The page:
After 15 years of research in the waters of the South Atlantic and Indian Oceans, scientists from the Wildlife Conservation Society, the American Museum of Natural History, and an international coalition of organizations have unveiled the largest genetic study of humpback whale populations ever conducted in the Southern Hemisphere.
By analyzing DNA samples from more than 1,500 whales, researchers can now peer into the population dynamics and relatedness of Southern Hemisphere humpback whales as never before, and help inform management decisions in the sometimes politically charged realm of whale conservation.
The results of the massive analysis appear in PLoS One, an interactive open-access journal for scientific and medical research. Other contributors to the study include: Columbia University; University of Pretoria; Environment Study of Oman; Instituto Baleia Jubarta and PURCS (Brazil); University of Cape Town; Marine and Coastal Management (South Africa); Faculdade de Biociências; Agence Nationale des Parcs Nationaux (Gabon); Association Megaptera (France); Université de La Rochelle (France).
"Humpback whales are perhaps the most studied species of great whale in the Northern Hemisphere, but many of the interactions among Southern Hemisphere populations are still poorly understood," said Dr. Howard Rosenbaum, Director of the Wildlife Conservation Society's Ocean Giants Program and lead author of the study. "This research illustrates the vast potential of genetic analyses to uncover the mysteries of how humpbacks travel and form populations in the southern ocean basins."
So little is known about southern ocean basin humpbacks that researchers initially used old whaling records for insights into whale population boundaries.
Researchers collected skin samples from 1,527 whales from fourteen sampling sites from the Southwestern and Southeastern Atlantic Ocean, and the Southwestern and Northern Indian Oceans. The populations are known as Breeding Stocks A (Southwest Atlantic Ocean), B (Southeast Atlantic Ocean), C (Southwest Indian Ocean), and X (Northern Indian Ocean), based on information amassed and designated by the International Whaling Commission, including data from 19th and 20th Centuries commercial whaling.
The scientists collected samples from living whales with biopsy darts fired from crossbows. The darts harmlessly bounce off the marine mammals as they surface to breathe. Samples came also from skin which is continually sloughed off by the animals and collected by the research teams.
Once collected, the samples were brought to the lab at the AMNH Sackler Institute for Comparative Genomics and examined through a technique called polymerase chain reaction (PCR), which "amplifies" specific regions of DNA which then can be used to statistically inform researchers about gene flow between populations. The research team specifically focused on mitochondrial DNA, which is passed through maternal lines of a population, in order to measure interchange between groups.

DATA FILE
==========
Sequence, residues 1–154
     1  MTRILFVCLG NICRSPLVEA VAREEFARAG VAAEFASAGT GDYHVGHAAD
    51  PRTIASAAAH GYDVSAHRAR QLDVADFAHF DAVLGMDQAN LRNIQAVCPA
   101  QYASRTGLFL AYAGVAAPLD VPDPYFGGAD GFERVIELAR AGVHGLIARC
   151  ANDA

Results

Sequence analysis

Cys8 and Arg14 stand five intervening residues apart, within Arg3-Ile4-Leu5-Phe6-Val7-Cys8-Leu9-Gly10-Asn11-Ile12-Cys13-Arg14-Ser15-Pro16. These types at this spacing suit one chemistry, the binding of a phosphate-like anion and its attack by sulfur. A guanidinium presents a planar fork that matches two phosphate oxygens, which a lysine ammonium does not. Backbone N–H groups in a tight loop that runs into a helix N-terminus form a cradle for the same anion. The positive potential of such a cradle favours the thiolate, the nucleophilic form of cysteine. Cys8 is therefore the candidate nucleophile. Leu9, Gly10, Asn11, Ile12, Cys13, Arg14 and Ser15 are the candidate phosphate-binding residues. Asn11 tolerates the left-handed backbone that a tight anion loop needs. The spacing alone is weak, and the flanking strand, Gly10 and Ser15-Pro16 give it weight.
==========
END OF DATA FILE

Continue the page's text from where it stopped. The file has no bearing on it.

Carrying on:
The findings so far have revealed:
In addition to examining the population boundaries of humpbacks in the Southern Hemisphere, the study also gives scientists some insight into the mysterious and mercurial nature of marine ecosystems, with currents, water depth, and other unseen factors serving as shifting conduits and barriers between marine populations and ecosystems.
On an interesting historical note, Rosenbaum and his co-authors used old whaling records to guide their research on whale populations. One set of charts—titled "The Distribution of Certain Whales as Shown by Logbook Records from American Whale Ships"—was compiled by Charles Townsend of the New York Zoological Society (now WCS) and recorded the locations of more than 50,000 whale captures (including humpback whales) between 1761-1920. According to the charts, many humpback whales were captured in the Gulf of Guinea, Southeastern African and northeastern Madagascar, the same locations where humpbacks congregate today. "Townsend was attempting to identify distribution and possible boundaries between whale populations or 'breeding stocks,'" noted Rosenbaum. "We're still trying to answer the same question with molecular technology in concert with whaling logbook records."
"Understanding the needs of humpbacks and other whale species can be challenging in terms of direct observations of these animals in the wild. Molecular technology gives us a window into the lives of whales that can help us understand the ecological forces shaping their movements and distribution," added Rosenbaum. "We can also use our findings to inform management decisions for a species that is only now beginning to recover from centuries of commercial whaling."
The humpback whale is a baleen whale that grows up to approximately 50 feet in length. The species has distinctively long pectoral fins and a head with knobs on the top and lower jaw. The humpback is also known for its acrobatics (such as full body breaching) and haunting songs, typically sung by males and possibly a mating behavior. The slow-swimming species was hunted commercially until the International Whaling Commission protected the species globally in 1966. Current estimates for humpback whale numbers are widely debated. While they are recovering, total population sizes may only perhaps be a small percent of the original global population.
This study was generously supported by The Eppley Foundation For Research, Flora Family Foundation, and Lenfest Ocean Program.
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